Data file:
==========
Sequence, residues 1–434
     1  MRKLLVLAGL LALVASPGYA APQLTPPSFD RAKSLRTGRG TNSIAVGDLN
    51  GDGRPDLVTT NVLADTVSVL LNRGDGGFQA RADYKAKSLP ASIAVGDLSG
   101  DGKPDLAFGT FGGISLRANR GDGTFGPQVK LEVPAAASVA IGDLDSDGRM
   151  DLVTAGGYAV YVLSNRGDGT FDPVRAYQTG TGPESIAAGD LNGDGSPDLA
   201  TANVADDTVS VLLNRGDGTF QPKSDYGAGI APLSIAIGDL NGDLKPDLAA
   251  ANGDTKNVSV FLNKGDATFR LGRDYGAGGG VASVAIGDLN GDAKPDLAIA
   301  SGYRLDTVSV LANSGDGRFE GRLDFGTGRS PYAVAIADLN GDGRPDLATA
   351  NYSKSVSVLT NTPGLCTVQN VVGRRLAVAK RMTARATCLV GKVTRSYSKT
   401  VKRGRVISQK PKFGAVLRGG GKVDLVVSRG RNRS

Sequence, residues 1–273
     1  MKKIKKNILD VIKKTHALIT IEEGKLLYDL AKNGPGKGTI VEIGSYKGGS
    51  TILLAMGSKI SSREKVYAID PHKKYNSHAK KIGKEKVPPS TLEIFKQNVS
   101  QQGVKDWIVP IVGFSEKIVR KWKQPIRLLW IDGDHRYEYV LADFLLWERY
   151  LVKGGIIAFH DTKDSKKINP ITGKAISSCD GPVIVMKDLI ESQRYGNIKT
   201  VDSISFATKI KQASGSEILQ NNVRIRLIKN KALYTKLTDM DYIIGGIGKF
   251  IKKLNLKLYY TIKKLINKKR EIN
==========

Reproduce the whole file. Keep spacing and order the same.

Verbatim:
Sequence, residues 1–434
     1  MRKLLVLAGL LALVASPGYA APQLTPPSFD RAKSLRTGRG TNSIAVGDLN
    51  GDGRPDLVTT NVLADTVSVL LNRGDGGFQA RADYKAKSLP ASIAVGDLSG
   101  DGKPDLAFGT FGGISLRANR GDGTFGPQVK LEVPAAASVA IGDLDSDGRM
   151  DLVTAGGYAV YVLSNRGDGT FDPVRAYQTG TGPESIAAGD LNGDGSPDLA
   201  TANVADDTVS VLLNRGDGTF QPKSDYGAGI APLSIAIGDL NGDLKPDLAA
   251  ANGDTKNVSV FLNKGDATFR LGRDYGAGGG VASVAIGDLN GDAKPDLAIA
   301  SGYRLDTVSV LANSGDGRFE GRLDFGTGRS PYAVAIADLN GDGRPDLATA
   351  NYSKSVSVLT NTPGLCTVQN VVGRRLAVAK RMTARATCLV GKVTRSYSKT
   401  VKRGRVISQK PKFGAVLRGG GKVDLVVSRG RNRS

Sequence, residues 1–273
     1  MKKIKKNILD VIKKTHALIT IEEGKLLYDL AKNGPGKGTI VEIGSYKGGS
    51  TILLAMGSKI SSREKVYAID PHKKYNSHAK KIGKEKVPPS TLEIFKQNVS
   101  QQGVKDWIVP IVGFSEKIVR KWKQPIRLLW IDGDHRYEYV LADFLLWERY
   151  LVKGGIIAFH DTKDSKKINP ITGKAISSCD GPVIVMKDLI ESQRYGNIKT
   201  VDSISFATKI KQASGSEILQ NNVRIRLIKN KALYTKLTDM DYIIGGIGKF
   251  IKKLNLKLYY TIKKLINKKR EIN